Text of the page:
SY: Besides directing your own short for the project, you also worked as one of its projects. So how collaborative were you with the other filmmakers on their shorts once they signed on to direct them?
MS: I basically recused myself from their filmmaking processes. Once they were on board, and said they wanted to make a short, we paired them up with up to three of our economic advisors. They came in and worked with the filmmakers, to see if their stories had the things they needed to be factually accurate, and also portrayed the best story from an honest standpoint. Then the filmmakers had the freedom to go off and do what they wanted.
SY: What other research did you do into the markets before you began directing your short, ‘Cave-o-nomics?’ What was the overall process of creating the short?
MS: It was a lot of fun, and it was great overall. I called (financial author) John Steele Gordon and asked, “If you’re going to tell a story about the creation of the markets and economic system, what would it be?” He told me this story, saying “I’ve always envisioned the markets starting with the cavemen. There were these two cavemen who were walking home from their hunt one day. One of the is a really great hunter, and he has two boars, one under each arm. The other guy’s a terrible hunter, and he doesn’t have any animals, but he makes great spears. The one guy who’s a great hunter said, ‘I would be an even better hunter if I had one of your spears.’ They then said, ‘Why don’t we trade?’ We’ll trade a spear for one of the animals.’ That’s the beginning of the market system.”
I said to John, “That’s the movie we should make.” The whole idea for ‘Cave-o-nomics’ came from that conversation. We were going to tell why markets matter, how they function and what the idea for market system is through these cave people, which is fun. I was also to put all of my economic advisors-Annalyn Kurtz, John and Adam Davidson-in cave outfits. (laughs) So how do you lose there?
SY: While the economic advisors came up with the ideas that should be covered in the 20 shorts, did you also offer any suggestions on which subjects should be discussed?
MS: Well, what we did was go to the economic advisors and asked, if you had to narrow the economy into the top 20 things we should be talking about, what would they be? From there, we went through their suggestions, and picked the 20 questions we thought you should be asking. We then brought the questions to the filmmakers and let them choose the movies they wanted to make. I didn’t have any influence over the initial subjects the economic advisors thought we should tell. All of the concepts of what the films should ask came from them.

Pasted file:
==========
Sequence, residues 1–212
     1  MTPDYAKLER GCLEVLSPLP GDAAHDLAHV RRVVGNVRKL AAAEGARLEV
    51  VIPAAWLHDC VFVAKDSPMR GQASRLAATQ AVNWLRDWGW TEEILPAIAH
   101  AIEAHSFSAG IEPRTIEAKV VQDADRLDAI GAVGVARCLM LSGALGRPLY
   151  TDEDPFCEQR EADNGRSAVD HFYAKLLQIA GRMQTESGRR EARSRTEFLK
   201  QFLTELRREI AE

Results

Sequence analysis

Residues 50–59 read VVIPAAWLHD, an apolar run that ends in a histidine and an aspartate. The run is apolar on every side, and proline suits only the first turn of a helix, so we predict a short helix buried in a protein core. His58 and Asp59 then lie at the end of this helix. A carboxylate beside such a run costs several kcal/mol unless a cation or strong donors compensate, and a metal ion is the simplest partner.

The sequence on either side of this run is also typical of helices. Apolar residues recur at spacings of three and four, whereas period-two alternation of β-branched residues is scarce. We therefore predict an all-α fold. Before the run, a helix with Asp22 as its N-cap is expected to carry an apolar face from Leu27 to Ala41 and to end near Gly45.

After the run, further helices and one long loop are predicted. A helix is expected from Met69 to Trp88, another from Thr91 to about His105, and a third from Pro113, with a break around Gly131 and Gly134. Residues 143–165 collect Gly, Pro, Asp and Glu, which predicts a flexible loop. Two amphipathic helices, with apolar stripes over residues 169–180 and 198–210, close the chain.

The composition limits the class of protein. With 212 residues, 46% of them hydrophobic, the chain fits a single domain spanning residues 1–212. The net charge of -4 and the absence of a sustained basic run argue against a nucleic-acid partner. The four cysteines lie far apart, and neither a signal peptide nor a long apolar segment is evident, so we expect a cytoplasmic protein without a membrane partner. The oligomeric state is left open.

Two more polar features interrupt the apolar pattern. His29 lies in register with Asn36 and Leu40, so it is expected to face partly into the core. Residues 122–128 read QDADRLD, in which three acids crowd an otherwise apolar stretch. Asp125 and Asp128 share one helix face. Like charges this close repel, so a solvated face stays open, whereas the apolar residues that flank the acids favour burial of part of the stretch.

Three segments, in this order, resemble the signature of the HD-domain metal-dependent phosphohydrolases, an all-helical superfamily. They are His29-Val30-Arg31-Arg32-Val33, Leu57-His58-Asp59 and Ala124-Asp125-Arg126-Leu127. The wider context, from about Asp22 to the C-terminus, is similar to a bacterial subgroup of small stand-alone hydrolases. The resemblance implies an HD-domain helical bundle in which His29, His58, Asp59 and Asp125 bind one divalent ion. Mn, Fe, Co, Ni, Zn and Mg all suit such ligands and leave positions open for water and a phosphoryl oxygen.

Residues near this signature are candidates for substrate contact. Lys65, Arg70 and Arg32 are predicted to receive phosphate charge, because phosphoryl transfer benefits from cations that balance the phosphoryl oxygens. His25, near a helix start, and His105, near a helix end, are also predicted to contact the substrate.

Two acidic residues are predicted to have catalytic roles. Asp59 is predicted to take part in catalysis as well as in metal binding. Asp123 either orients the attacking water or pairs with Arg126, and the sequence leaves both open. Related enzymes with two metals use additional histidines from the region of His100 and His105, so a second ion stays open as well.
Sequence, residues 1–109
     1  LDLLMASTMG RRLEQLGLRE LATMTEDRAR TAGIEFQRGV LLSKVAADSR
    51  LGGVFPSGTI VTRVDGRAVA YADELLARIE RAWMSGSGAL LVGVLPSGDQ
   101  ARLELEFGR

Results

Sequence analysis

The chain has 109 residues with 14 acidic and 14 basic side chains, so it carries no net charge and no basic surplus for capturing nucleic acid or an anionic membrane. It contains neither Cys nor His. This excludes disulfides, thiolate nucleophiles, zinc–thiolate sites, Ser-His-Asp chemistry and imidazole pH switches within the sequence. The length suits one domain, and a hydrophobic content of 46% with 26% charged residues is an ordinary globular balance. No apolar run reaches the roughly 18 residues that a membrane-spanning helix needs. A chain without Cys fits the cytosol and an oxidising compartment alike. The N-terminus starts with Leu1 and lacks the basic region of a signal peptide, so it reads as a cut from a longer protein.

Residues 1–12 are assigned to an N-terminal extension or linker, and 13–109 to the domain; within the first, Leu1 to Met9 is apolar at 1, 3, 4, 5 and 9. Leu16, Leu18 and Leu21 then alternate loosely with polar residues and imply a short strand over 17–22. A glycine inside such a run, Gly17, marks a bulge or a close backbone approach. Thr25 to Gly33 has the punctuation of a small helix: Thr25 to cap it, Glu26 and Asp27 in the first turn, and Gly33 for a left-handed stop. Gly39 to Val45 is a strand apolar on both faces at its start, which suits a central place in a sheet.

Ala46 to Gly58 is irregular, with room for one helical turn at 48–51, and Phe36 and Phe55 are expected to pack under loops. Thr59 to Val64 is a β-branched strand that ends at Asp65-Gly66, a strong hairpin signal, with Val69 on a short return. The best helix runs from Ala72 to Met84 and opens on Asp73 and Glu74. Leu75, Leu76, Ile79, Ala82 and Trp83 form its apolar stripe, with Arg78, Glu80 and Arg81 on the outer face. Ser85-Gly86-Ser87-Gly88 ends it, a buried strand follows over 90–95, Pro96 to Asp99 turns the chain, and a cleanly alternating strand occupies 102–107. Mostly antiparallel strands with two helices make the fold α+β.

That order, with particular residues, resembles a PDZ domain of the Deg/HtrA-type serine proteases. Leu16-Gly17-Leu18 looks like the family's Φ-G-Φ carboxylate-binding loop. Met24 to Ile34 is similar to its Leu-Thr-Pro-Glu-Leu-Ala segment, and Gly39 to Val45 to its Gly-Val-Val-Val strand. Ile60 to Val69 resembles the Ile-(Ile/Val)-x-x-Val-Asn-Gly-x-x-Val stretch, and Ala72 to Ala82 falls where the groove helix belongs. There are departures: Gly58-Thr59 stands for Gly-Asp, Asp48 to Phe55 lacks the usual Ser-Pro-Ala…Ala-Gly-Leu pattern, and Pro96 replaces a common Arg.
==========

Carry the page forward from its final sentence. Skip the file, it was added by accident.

SY: ‘We the Economy’ (was released) across multiple platforms, including online, VOD, broadcast, mobile and theatrical, and you didn’t charge audiences to view the anthology series.
MS: Yes, that process is so awesome and cool.
SY: Why was it important to you to release the project on so many platforms free of charge?
MS: The diverse release platforms we used was actually one of the first conversations I had with Carole Tomko (the General Manager and Creative Director of Vulcan Productions). I said, “We shouldn’t be doing this for the money, or to make a return on our investment. Our goal should be to make great content and stories, and create an educational platform around it, and get as many people as possible to help put the films out.”
Once we took out the idea of making a film to generate money, we suddenly had all of these different companies who were willing to cooperate with one another, who normally wouldn’t work together, as they would normally instead fight for exclusivity. We had companies like AOL, Yahoo and Amazon play the film at the same time. We also partnered with Netflix, which never puts short films on its site, and it offered ‘We the Economy’ front page placement for its initial release.
So its an awesome thing to be able to have partners who believe in something as much as you do. For us to have so many people invested in the project’s concept and content, and believe in its importance as much as we did, is pretty inspiring.
SY: Like you mentioned, you aimed to have ‘We the Economy’ infuse audiences with a knowledge of education, instead of creating a return on investment for you and the other filmmakers. Why do you think it’s more important with these shorts to concentrate on teaching young adults about the economy, instead of focusing on the project’s return on investment?